• Open Access

The structure of innate vocalizations in Foxp2-deficient mouse pups


G. Ehret, Institute of Neurobiology, University of Ulm, D-89069 Ulm, Germany. E-mail: guenter.ehret@uni-ulm.de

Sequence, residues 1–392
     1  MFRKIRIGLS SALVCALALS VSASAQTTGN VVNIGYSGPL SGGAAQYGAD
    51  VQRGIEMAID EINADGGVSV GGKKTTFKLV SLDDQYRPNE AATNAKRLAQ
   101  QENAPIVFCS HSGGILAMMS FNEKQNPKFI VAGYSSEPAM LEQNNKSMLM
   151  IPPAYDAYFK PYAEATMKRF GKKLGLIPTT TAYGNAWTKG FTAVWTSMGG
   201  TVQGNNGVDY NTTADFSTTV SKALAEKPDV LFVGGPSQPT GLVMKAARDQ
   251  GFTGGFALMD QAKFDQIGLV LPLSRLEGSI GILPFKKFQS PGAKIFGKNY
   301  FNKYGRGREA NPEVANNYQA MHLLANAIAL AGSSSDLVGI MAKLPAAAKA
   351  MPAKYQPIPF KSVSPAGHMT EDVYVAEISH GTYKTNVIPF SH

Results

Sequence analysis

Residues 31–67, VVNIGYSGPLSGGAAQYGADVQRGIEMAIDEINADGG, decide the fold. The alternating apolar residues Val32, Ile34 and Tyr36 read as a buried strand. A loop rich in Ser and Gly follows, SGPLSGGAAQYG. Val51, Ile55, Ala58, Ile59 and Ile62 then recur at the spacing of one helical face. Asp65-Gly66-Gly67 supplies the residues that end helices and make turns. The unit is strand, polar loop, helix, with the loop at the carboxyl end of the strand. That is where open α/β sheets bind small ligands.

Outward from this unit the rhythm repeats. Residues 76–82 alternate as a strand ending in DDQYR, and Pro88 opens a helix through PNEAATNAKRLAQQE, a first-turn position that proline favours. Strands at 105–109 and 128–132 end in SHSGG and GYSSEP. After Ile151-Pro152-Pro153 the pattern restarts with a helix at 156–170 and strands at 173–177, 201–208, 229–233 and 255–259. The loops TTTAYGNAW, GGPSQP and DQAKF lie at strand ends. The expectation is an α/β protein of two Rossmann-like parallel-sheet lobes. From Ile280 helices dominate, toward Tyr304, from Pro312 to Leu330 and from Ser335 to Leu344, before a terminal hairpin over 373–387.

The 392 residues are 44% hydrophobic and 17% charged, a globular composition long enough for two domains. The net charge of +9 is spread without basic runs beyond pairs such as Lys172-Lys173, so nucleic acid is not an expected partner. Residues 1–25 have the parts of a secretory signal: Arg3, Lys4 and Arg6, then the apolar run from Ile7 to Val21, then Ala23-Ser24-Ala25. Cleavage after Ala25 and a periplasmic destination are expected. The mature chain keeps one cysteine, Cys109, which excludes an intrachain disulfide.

Heterozygous mutations of the human FOXP2 gene are implicated in a severe speech and language disorder. Aetiological mutations of murine Foxp2 yield abnormal synaptic plasticity and impaired motor-skill learning in mutant mice, while knockdown of the avian orthologue in songbirds interferes with auditory-guided vocal learning. Here, we investigate influences of two distinct Foxp2 point mutations on vocalizations of 4-day-old mouse pups (Mus musculus). The R552H missense mutation is identical to that causing speech and language deficits in a large well-studied human family, while the S321X nonsense mutation represents a null allele that does not produce Foxp2 protein. We ask whether vocalizations, based solely on innate mechanisms of production, are affected by these alternative Foxp2 mutations. Sound recordings were taken in two different situations: isolation and distress, eliciting a range of call types, including broadband vocalizations of varying noise content, ultrasonic whistles and clicks. Sound production rates and several acoustic parameters showed that, despite absence of functional Foxp2, homozygous mutants could vocalize all types of sounds in a normal temporal pattern, but only at comparably low intensities. We suggest that altered vocal output of these homozygotes may be secondary to developmental delays and somatic weakness. Heterozygous mutants did not differ from wild-types in any of the measures that we studied (R552H ) or in only a few (S321X ), which were in the range of differences routinely observed for different mouse strains. Thus, Foxp2 is not essential for the innate production of emotional vocalizations with largely normal acoustic properties by mouse pups.